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Ayrton Senna: The Best just flew away

On May 1st, 25 years ago, one of the greatest drivers of all time left us forever. Introverted like Eddie Lawson, fast like Kevin Schwantz, tough like Wayne Rainey, and loyal and determined like Kenny Roberts.

Ayrton Senna: The Best just flew away

Now that the echo of the celebrations has died down, that the newspapers have stopped publishing an article a day, and the books written about him rest on shelves, I want to add my little contribution to remember a driver, and a man, who touched me. I've always had a passion for motorcycling, but I followed the F1 for the Corriere dello Sport newspaper with pleasure thanks to him. A man who, alone, reminded me of Lawson for his introvertness, Spencer for his love of God, Schwantz for his breakneck laps, Rainey for his unwavering will, and Kenny Roberts for his stubborn opposition to a 'regime', represented by the FIA, at the time.

That weekend in Imola was tragic, not only for Ayrton. First, there was Roland Ratzenberger's accident and, of course, on May 1st, the newspapers shouldn't have gone to print.

A great Director, Italo Cucci, had put us all to work. And, in the drawer of my desk, I still have the article written by my colleague, Giuliano Riva.

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The crickets jumped around in the grass looking to escape his footsteps. Light thuds on the ground, so different from the noise of the crash, that only a man in love, or a disappointed lover, could have perceived with his suffering altered senses. Eyes fixed on one point and staring at nothing, to reconstruct the flight and the fall. Marks on the asphalt and debris on the grass, like the remains of a shipwreck washed up on the beach by the current. And he was there, trying to figure out if it was a storm, an illness, or an error that brought Ratzenberger from the last row to the last corner. It was not a premonition. He, The Greatest, couldn't have imagined he was leaving behind him his last corner, the Tamburello, his destiny. Otherwise, we’d to believe that he would have fled from that horror. And he would still be alive. Instead, Senna, as usual, wanted to understand.

What happened in Ayrton's solitary journey on the Villeneuve that Sunday morning? What were his thoughts? What was he feeling during the warm-up and during the first laps of the race?

We don't have a single memory of Ayrton before that Saturday in Imola. It's as if Thursday and Friday had never existed. Erased. In fact, we never even saw the Grand Prix. Of that May 1st, we only remember the lost stare of his brother, Leonardo, and that of Ecclestone hidden behind dark glasses, as he dragged him into the paddock, until he reached the FOCA motor-home where Betise Assumpcao, Ayrton's press secretary, was crying. We knew nothing, but we imagined there would be no more interviews. During those long silences, between the question and the answer, which were still awkward.

The car went off on a tangent, without a correction, straight towards the wall. Full of energy, which the impact had not exhausted. A split second before, Ayrton had understood. For a fraction of a second, the long-sought after truth was presented to him, clear in his soul, so bright as to blind him.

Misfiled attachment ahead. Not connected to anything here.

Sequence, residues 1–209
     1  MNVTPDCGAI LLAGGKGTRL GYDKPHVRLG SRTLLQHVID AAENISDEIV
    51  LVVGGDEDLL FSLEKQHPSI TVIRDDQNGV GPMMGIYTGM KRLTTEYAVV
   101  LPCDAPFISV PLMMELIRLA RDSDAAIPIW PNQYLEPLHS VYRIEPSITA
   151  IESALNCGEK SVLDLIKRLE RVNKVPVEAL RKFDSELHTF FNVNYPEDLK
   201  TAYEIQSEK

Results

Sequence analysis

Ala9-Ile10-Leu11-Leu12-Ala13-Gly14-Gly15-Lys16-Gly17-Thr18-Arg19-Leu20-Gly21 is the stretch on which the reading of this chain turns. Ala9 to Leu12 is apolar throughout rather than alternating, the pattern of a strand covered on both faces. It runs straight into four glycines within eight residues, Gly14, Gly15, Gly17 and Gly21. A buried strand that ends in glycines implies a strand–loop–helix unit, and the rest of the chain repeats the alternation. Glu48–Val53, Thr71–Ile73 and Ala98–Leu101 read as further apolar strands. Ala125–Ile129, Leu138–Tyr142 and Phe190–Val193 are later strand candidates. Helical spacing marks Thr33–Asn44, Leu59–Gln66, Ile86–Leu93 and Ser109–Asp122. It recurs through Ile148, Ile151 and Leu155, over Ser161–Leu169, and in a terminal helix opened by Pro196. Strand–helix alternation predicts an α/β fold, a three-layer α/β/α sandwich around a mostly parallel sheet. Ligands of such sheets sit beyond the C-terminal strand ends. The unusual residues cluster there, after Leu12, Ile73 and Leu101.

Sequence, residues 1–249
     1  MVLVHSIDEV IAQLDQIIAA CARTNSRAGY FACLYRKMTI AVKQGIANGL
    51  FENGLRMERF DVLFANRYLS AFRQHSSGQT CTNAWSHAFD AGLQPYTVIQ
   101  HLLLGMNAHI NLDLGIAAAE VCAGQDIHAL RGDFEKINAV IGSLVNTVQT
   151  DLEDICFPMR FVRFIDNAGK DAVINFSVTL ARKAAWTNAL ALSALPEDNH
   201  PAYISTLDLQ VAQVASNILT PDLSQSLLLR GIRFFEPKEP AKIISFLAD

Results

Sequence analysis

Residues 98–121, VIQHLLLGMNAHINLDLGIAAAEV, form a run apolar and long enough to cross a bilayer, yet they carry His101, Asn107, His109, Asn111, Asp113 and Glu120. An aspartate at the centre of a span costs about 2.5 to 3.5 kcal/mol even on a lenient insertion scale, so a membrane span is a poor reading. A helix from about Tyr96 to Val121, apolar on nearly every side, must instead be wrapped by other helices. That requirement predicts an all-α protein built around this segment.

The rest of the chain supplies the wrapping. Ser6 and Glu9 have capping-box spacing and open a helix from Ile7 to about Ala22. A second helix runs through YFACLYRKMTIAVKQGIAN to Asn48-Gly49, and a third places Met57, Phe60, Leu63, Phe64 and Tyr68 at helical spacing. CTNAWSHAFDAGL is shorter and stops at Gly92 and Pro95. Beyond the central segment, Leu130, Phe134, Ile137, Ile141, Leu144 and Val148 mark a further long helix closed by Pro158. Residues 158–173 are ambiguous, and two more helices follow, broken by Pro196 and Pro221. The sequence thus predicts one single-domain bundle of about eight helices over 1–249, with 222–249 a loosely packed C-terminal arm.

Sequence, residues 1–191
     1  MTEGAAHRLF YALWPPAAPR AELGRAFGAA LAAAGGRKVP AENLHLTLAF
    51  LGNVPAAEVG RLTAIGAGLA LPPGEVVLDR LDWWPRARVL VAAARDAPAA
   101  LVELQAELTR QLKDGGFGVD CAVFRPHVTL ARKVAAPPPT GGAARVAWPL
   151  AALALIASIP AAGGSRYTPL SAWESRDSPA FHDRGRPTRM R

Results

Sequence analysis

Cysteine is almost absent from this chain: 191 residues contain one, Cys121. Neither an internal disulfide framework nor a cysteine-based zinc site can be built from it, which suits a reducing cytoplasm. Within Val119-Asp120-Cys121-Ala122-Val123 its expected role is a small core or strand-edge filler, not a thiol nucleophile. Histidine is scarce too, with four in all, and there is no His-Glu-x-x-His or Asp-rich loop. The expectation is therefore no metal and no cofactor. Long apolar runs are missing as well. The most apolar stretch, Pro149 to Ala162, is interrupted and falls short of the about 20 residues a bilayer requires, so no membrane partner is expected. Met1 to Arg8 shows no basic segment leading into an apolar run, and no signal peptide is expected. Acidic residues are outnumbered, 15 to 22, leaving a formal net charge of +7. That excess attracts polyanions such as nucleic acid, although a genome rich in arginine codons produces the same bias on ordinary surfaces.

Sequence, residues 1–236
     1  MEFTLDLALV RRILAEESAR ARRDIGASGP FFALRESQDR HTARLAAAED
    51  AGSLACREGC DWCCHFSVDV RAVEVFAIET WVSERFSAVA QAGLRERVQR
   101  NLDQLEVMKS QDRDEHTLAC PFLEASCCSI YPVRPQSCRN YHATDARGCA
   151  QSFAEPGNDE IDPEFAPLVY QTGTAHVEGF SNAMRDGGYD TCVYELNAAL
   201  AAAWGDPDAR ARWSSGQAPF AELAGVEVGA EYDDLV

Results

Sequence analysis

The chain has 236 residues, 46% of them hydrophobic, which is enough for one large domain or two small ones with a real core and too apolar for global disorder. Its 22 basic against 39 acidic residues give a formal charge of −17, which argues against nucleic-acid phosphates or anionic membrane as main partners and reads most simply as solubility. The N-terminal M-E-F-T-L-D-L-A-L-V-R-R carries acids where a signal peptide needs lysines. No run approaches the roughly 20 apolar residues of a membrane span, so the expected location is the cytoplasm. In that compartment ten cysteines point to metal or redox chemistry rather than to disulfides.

And we all stood in front of the closed, smokey gray door of the motor-home. The helicopter rose and flew away. Was there, had there been, a race back there?

When the speed reached zero km, and the energy dispersed all around, he was gone, leaving a wrecked car and a thousand doubts.

 

Then someone told Berger, who did not flee nor did he close himself off in search of solitude. Instead, he stayed, leaning  back against the Ferrari truck, and pondered. It would have been easy to go to him, question him, ask him what he had felt that time he also had driven into a wall. And how he felt to be alive. That was the piece we were supposed to write.

Instead, we ended up in the press room. To put together a newspaper that, without that accident, would never have come out, and with monitors behind us that kept endlessly repeating that crash. Loss of control. The crash... Spinning. Stillness. He doesn’t suffer, he cannot suffer... And the others?

No one understood. We hadn't even come close to understanding. We were not worried about the crowd. It was just an accident, we had rationalized, but speed doesn't spare anyone, not even his God. So, why should we think that this time would be different? And, instead, the pilgrimage to that wall had already begun that night. The next day, with enormous delay, we had understood that the Messiah was gone. And, this time, he would never come back.

The chariot of the God slid slowly through his crowd, among his people. An irony for the king of speed. But the millions of people in the streets, millions behind TV screens, wanted to see him. And, because of this, Ayrton Senna, that time, passed slowly by. As usual, he had taken his return trip with his friends, in first class, and no one disturbed him.

We turned off the TV. Even the last of the Brazilians massed along the road, from the airport to the city, could have written a better piece on that story than ours.

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 Note dated April 30th, 2019

                                                                                                                                                                                                                                           I remembered this today while reading a wonderful piece by Damon Hill in the Gazzetta dello Sport newspaper. If you get     a chance, read it. It's rare to find such gems in newspapers, but it happens. And this is one of them.

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